When Is Forgery Considered a White-Collar Crime in California?

Forgery is a serious offense in California and may lead to severe penalties for those who are convicted. Forgery is considered a type of white-collar crime, a non-violent crime typically involving financial gain through deception, fraud, or other means of dishonesty.

If you are facing charges related to forgery, it is essential to seek the advice of a criminal defense attorney to ensure that your rights are protected. At Aron Law Firm, we are ready to help you understand your options and build a strong defense to mitigate your penalties.

What Is the Crime of Forgery in California?

Forgery is the act of creating, altering, or using a document or item with the intent to deceive or defraud another person. In California, forgery is legally defined under Penal Code Section 470, which states:

“Every person who, with the intent to defraud, knowing that he or she has no authority to do so, signs the name of another person or of a fictitious person to any of the items listed in subdivision is guilty of forgery.”

Forgery involves any document that has legal or financial value. This includes, but is not limited to:

  • Bank bills
  • Certificates of ownership
  • Checks
  • Contracts
  • Deeds
  • Lottery tickets
  • Money orders
  • Stock share certificates
  • Wills
  • Any other legal document

Forgery may also involve the creation of fake identification documents, such as driver’s licenses, passports, or social security cards.

When Is Forgery Considered a White-Collar Crime in California?

Forgery is considered a white-collar crime in California because it typically involves individuals in the business, government, or financial sectors who are seeking monetary gain through illegal means.

In California, forgery is a “wobbler” crime. This means crimes of forgery may be charged as a misdemeanor or a felony, depending on the severity of the offense. The penalties for forgery range from probation to several years in prison, depending on the circumstances of the crime.

Misdemeanor forgery charges are typically reserved for less serious offenses, such as the forgery of a minor document or an attempt to defraud someone of less than $950. Misdemeanor forgery charges result in up to one year in county jail and a fine of up to $1,000.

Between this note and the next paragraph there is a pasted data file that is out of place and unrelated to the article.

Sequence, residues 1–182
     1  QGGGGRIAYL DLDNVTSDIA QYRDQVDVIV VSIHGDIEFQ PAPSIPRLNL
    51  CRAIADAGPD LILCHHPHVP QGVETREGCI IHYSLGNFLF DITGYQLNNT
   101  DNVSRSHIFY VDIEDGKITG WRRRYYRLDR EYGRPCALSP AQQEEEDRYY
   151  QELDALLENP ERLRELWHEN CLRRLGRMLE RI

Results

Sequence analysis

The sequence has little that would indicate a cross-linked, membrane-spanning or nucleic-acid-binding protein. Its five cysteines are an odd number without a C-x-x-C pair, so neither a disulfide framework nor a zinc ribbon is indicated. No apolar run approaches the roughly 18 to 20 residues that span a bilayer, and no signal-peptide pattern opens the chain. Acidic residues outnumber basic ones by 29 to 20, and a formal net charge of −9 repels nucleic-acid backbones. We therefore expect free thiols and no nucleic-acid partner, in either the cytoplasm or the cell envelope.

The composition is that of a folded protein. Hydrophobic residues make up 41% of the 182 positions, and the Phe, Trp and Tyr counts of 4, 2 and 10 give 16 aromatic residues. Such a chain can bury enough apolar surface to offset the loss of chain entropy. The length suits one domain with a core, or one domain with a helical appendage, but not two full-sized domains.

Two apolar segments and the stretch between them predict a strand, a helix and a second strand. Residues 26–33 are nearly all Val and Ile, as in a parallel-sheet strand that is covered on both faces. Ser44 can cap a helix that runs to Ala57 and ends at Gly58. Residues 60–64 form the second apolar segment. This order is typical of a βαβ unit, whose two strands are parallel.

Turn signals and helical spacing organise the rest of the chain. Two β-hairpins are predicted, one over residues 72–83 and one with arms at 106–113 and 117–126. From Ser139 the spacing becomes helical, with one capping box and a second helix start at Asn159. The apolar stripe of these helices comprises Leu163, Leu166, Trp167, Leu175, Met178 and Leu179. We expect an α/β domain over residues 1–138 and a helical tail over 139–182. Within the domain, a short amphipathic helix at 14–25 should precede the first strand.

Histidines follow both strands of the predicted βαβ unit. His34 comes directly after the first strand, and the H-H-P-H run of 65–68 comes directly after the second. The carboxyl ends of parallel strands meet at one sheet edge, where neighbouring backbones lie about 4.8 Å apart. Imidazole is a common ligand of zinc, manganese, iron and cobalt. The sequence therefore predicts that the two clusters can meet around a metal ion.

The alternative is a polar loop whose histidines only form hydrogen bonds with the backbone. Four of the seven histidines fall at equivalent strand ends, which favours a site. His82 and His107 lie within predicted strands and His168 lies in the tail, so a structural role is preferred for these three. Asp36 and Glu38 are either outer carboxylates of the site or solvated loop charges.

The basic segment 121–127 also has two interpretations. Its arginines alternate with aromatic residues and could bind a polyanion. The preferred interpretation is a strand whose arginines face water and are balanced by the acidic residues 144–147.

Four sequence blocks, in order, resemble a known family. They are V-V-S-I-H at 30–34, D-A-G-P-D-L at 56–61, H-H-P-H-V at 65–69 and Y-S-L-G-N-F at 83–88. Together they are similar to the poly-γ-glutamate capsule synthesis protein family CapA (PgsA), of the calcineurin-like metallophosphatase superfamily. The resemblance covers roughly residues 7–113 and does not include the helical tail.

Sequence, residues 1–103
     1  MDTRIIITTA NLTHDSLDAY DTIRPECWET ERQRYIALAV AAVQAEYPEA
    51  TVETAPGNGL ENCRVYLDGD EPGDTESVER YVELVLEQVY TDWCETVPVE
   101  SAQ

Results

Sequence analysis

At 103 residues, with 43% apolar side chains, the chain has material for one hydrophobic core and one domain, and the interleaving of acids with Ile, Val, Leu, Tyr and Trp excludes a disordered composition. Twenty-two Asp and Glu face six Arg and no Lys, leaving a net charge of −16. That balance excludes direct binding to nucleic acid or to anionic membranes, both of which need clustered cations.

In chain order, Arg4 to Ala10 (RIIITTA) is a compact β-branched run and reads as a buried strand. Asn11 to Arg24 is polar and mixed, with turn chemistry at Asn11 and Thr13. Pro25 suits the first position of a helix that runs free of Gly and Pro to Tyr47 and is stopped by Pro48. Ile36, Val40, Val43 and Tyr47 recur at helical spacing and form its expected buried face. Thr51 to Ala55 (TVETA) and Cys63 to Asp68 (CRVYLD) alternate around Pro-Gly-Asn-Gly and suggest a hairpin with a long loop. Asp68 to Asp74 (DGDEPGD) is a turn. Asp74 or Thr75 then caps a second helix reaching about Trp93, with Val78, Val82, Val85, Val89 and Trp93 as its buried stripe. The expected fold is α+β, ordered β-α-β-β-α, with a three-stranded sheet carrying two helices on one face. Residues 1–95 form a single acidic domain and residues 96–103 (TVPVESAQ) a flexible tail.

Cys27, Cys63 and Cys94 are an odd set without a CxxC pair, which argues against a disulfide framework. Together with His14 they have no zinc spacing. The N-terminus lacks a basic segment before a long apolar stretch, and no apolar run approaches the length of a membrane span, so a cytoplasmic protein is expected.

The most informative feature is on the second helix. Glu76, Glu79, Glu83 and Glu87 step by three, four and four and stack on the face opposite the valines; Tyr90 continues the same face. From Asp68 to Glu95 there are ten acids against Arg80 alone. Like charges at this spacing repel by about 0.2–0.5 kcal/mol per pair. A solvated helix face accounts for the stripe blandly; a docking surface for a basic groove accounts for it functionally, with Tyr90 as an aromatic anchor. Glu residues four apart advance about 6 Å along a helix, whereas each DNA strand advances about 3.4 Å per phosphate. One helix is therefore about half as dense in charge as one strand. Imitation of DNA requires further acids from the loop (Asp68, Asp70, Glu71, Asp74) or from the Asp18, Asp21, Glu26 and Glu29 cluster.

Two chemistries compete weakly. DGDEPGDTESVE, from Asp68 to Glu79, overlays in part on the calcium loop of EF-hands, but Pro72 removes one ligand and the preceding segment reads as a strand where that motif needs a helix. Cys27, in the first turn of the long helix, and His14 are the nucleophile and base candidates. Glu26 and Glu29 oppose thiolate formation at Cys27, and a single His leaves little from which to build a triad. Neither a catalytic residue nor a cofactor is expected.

Felony forgery charges are more severe and are typically reserved for more serious offenses, such as the forgery of a major document or an attempt to defraud someone of more than $950. Felony forgery charges result in up to three years in state prison and a fine of up to $10,000.

Consult a California White-Collar Crime Defense Lawyer at Aron Law Firm

If you are facing forgery charges in California, there are several defenses that an Aron Law Firm criminal defense attorney may use to help you fight the charges. Some common defenses against forgery charges include lack of intent, mistaken identity, and duress or coercion.

If you or a loved one have been accused of forgery or any other white-collar crime in California, do not wait to seek legal help. Contact us today by calling (805) 618-1768 or filling out our convenient contact form to schedule a consultation and protect your rights. We are here to help you navigate the legal system and fight for your freedom.

William M. Aron


William M. Aron

May 14, 2023

Former Deputy District Attorney William Aron received his Juris Doctorate from the Duke School of Law and has amassed 20 years of experience practicing law. Attorney Aron dedicates his practice to defending the accused, and is devoted to keeping his clients out of prison.